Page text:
You’d think from the tweets from Coalition MPs this morning that the arrival of the first X’trapolis train in service on the Frankston line was a miraculous huge leap forward for train travellers — a rocket-powered, laser-guided teleportation device that can get you to your destination in seconds.
It’s a bit like the Danger Mouse theme tune: “He’s the ace / He’s amazing / He’s the strongest, he’s the quickest, he’s the best!”
The government press release is equally enthusiastic:
X’Trapolis trains are the newest, biggest and fastest trains on Melbourne’s network. Running this train on the Frankston line will reduce crowding and get more people out of their cars and onto public transport.
– X’Trapolis train debuts on Frankston line today
The truth is a little more nuanced.
Are these trains better?
So the claim is that these trains are bigger, faster, quieter and smoother.
Bigger? I’m not sure of the logic behind that. The trains are a similar length, and with a similar number of seats to other models, and a similar total capacity.
Faster? Perhaps — both the X’Trapolis and Siemens trains have theoretical speed limits of 130 kmh, but the Siemens is currently limited to 115, which is the same as the Comeng top speed. They have good acceleration, similar to the Siemens trains (1.2 m/s/s), and when I asked Metro’s CEO Andrew Lezala about it when the Bayside Rail Project was first announced, he said the overall speed was similar to the Siemens trains, presumably meaning if the entire line group went to X’trapolis and Siemens trains, they could theoretically speed up the timetable. And that, I suspect, is where the real, tangible benefit will be.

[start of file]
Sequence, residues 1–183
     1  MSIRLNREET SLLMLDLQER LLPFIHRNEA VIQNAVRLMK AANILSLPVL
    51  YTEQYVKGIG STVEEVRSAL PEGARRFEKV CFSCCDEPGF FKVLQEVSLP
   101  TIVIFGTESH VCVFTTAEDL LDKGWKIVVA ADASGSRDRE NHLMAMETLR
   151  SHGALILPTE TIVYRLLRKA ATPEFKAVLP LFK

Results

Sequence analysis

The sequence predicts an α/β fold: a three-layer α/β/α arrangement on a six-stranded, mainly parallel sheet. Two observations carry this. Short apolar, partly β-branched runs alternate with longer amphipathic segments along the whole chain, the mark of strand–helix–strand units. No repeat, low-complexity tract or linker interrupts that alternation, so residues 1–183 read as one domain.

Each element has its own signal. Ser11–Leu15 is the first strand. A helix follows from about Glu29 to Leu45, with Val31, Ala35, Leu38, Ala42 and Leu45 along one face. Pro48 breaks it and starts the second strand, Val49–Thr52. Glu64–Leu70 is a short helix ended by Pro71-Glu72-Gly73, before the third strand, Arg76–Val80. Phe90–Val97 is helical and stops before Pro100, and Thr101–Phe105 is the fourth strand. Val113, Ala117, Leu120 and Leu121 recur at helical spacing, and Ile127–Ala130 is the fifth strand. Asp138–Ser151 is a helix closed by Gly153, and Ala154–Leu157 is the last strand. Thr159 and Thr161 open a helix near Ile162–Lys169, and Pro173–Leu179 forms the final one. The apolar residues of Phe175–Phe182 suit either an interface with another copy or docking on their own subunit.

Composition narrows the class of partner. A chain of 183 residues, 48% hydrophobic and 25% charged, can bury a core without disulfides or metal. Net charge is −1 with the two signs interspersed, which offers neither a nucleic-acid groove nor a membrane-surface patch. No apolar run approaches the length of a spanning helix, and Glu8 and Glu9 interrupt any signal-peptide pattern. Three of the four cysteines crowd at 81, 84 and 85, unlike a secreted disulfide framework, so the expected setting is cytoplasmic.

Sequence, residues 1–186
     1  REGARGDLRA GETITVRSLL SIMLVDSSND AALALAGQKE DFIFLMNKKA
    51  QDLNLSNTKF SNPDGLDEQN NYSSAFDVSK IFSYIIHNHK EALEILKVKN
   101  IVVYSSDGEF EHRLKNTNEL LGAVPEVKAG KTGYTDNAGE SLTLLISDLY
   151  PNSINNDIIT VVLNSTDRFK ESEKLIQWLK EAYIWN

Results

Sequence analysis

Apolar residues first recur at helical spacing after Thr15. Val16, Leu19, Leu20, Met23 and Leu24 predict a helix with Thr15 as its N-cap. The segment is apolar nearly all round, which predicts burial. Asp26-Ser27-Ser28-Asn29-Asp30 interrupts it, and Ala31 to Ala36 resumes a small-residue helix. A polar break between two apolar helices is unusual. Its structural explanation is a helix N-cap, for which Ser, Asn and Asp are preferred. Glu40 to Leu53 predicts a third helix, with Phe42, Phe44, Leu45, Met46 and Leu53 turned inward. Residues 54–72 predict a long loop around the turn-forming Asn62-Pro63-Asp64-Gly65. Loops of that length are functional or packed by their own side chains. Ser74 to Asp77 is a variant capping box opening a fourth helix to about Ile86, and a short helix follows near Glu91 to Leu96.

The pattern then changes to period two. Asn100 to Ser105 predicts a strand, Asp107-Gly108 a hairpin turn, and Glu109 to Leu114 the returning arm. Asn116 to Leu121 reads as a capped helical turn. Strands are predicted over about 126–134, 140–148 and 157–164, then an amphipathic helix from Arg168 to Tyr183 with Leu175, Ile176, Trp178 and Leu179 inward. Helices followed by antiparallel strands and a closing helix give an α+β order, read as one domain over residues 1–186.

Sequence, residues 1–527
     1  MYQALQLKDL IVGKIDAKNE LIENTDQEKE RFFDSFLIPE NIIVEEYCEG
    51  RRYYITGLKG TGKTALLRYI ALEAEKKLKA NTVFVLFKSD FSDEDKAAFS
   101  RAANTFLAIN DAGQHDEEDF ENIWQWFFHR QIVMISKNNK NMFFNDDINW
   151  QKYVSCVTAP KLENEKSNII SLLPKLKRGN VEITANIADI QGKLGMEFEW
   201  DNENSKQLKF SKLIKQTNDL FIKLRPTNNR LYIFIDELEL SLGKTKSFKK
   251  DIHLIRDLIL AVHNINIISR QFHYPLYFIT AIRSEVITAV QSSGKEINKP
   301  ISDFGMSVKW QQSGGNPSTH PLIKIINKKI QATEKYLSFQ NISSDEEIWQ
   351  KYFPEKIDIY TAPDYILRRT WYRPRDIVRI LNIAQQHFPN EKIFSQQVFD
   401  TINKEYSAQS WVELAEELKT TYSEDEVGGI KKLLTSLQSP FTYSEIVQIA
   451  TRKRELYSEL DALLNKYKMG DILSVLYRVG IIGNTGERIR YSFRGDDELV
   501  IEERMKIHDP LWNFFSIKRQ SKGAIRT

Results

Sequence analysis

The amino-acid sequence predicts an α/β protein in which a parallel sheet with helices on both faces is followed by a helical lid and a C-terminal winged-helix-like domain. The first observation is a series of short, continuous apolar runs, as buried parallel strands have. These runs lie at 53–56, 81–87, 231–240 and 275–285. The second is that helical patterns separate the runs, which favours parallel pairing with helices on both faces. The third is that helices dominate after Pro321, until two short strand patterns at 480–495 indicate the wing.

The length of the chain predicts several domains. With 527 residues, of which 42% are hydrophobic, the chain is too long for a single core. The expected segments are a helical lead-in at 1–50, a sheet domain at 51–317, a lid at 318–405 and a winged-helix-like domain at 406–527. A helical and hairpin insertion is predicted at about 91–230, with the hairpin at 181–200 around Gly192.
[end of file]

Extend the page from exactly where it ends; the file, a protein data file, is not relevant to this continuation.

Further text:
Quieter? I’m not sure there’s that much in it.
Smoother? Arguably not. Many people have complained about the ride quality of the X’trapolis trains, though some of this is due to track conditions, especially on the outer semi-rural ends of the Hurstbridge, Lilydale and Belgrave lines. Some train drivers have complained of getting back problems.
The newest X’trapolis trains do have very clear destination signs, and many more handles inside to hold onto if you can’t get a seat.
They also have slightly fewer seats, making an arguably more efficient layout, allowing people to move in and out and around the carriage more easily. And they have big bold interior displays, though these are obscured by the handles!
Was their rollout rushed?
Clearly yes. The original estimate was that these trains wouldn’t start on the line until around October 2015. But of course, that’s well after the election, so they’ve brought it forward by an entire year.
As noted by Channel 7 on Monday, and The Age on Tuesday, there is just one X’Trapolis train deployed onto the Frankston line. It has been specifically speed-limited so as not to accelerate towards still-closing boom gates too fast, and has two drivers in the cab as a precaution.
The train seems to run just two round trips each morning, both timed to avoid the height of peak hour (so making poor use of the claimed additional capacity) before heading to sidings at Burnley for the rest of the day.
So will people be impressed?
It’s a publicity stunt, nothing more.
Yet I know some people suffer from train envy — I remember a friend from the then Epping line saying he wished they got the Siemens trains. Perhaps he wouldn’t have wished that had he seen the often filthy state of the seats.
But ask someone who regularly catches these trains if they’re anything special, and I doubt they’ll go over-the-top in praising them — they’ve had this model for years now.
In any case, it seems not everyone was impressed:
I suppose it’s good the politicians (who hold the purse strings) are so interested in public transport. But it’s important that the money isn’t all put into show ponies like “new” trains which aren’t really new, but into ensuring the whole system is frequent, reliable, fast, clean, and safe.